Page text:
On my first day at Winterthur, I met with Senior Curator of Ceramics and Glass, Leslie Grigby to see the unmounted tiles in the museum's storage areas. 160 of the 515 tiles in the collection are kept in storage and 22 are displayed in the Ceramics and Glass Study Area (below). A major component of my project at Winterthur involves conducting a condition survey of all of these tiles.
Where to Begin?
Before I went into the collection to start my survey, I had to come up with a way to record my data. I decided to create a survey spreadsheet on Microsoft Excel rather than using a paper form. This way I could take my laptop into the collections and enter data right away rather than having to type up my observations later. The information I collected would be used to prioritize my conservation treatments.
One of the major challenges in creating a database or survey form is standardizing the nomenclature, or wording that you use. Consistency makes information much easier to find and sort during data review. To this end, I made specific categories and wrote in set terms to organize the information I wanted to collect.
I placed an image of each tile in my spreadsheet in order to make sure I was assessing the correct tile. The next field is "Object ID," where I placed Winterthur's accession number, for example 1969.4732.005. An accession number identifies each individual object in the collection and relates it to similar objects based on the year they were collection and their “accession group number.” For example, a group of objects donated by the same person at the same time would be part of the same accession group.
"Other Number" records any number on the back of tiles from other cataloging systems. "Condition of Tile" is a free text field in which I recorded any condition issues with the tile, such as structural instabilities and historic repairs. "Condition of Mortar/Mounts" and "Condition of Fireplaces" applies more to the mounted tiles in the house. "Priority" sorts the tiles by minor to major condition problems and will help me prioritize which tiles to treat first. "Maximum Dimensions" gives the measurements of each tile. "Current Location" shows where the tile is located in the collection.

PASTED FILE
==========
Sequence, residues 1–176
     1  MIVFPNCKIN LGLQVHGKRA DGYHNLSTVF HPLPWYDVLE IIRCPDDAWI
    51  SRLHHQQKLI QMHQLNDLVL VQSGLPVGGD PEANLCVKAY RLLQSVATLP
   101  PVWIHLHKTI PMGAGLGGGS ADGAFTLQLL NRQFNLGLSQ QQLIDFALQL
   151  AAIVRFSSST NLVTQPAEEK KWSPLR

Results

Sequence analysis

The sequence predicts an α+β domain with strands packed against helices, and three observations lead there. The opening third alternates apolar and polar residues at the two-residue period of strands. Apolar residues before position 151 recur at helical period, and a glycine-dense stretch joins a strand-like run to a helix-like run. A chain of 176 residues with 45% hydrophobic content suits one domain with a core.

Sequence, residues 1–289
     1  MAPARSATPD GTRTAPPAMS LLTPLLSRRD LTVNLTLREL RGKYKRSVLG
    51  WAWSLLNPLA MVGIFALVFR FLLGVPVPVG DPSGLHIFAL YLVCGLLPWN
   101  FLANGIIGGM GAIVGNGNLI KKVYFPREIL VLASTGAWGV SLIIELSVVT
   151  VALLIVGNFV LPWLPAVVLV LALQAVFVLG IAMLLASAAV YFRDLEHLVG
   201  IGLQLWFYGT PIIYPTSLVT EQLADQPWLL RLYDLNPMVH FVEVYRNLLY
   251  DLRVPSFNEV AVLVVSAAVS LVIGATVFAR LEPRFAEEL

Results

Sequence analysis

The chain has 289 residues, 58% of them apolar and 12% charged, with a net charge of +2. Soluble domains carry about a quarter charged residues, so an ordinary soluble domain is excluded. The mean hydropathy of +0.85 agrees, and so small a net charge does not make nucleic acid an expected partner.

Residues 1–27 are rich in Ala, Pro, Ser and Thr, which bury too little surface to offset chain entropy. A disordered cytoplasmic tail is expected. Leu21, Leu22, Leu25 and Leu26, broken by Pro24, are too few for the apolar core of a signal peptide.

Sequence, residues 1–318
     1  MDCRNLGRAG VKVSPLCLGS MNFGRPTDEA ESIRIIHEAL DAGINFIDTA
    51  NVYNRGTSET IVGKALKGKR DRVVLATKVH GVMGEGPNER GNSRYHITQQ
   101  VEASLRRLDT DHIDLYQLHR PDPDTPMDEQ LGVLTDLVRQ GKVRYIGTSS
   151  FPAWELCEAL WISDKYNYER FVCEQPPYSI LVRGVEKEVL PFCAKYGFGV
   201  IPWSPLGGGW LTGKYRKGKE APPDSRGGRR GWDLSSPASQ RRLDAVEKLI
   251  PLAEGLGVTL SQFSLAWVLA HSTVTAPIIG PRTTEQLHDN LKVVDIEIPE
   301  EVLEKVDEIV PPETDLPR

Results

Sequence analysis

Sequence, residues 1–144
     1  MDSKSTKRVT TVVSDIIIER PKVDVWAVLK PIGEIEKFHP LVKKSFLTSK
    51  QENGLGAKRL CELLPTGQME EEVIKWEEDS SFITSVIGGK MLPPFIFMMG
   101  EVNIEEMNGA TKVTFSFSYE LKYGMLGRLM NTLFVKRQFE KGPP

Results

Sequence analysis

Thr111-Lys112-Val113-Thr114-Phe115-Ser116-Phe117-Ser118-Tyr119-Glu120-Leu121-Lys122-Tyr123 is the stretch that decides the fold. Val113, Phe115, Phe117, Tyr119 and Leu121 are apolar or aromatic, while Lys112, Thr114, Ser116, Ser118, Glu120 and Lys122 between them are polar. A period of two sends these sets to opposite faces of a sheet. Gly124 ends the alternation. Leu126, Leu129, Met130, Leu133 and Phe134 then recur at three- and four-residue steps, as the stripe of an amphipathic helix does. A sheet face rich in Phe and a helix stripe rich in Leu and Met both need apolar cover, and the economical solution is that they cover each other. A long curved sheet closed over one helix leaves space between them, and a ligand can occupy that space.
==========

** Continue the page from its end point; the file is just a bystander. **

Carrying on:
A “Priorities” field in a condition survey allows conservators to easily rank objects by conservation needs. For example in my survey, I sorted the tiles into four groups:
Low Priority: treatment not necessary, minor aesthetic repairs, dirty surface, structurally stable
Medium-Low Priority: treatment suggested, more significant aesthetic repairs, chips, small cracks
Medium-High Priority: treatment recommended, significant aesthetic repairs, structural cracks, spalling, chips, large areas of loss
High Priority: treatment necessary, ceramics is actively deteriorating, extremely disfigured by historic restorations, or unstable
A majority of tiles will probably fall into Medium-Low or Medium-High priority.
Organizing the Tiles
The first thing I noticed when I got into the collection was that the tiles were stored and stacked seemingly randomly. Because my spreadsheet was sorted by object number, step one involved sorting the tiles by number.
Once I finished sorting the tiles, I was ready to start my survey! Tune in next week as I talk about some of the major condition issues I noticed as I began to look at the individual tiles more closely.
Watch this blog for weekly or biweekly updates and follow me on Twitter to learn more about some of the individual tiles I’ll be looking at on #WeirdTileWednesday and #WeirdTileoftheDay.
Winterthur Postgraduate Fellow in Objects Conservation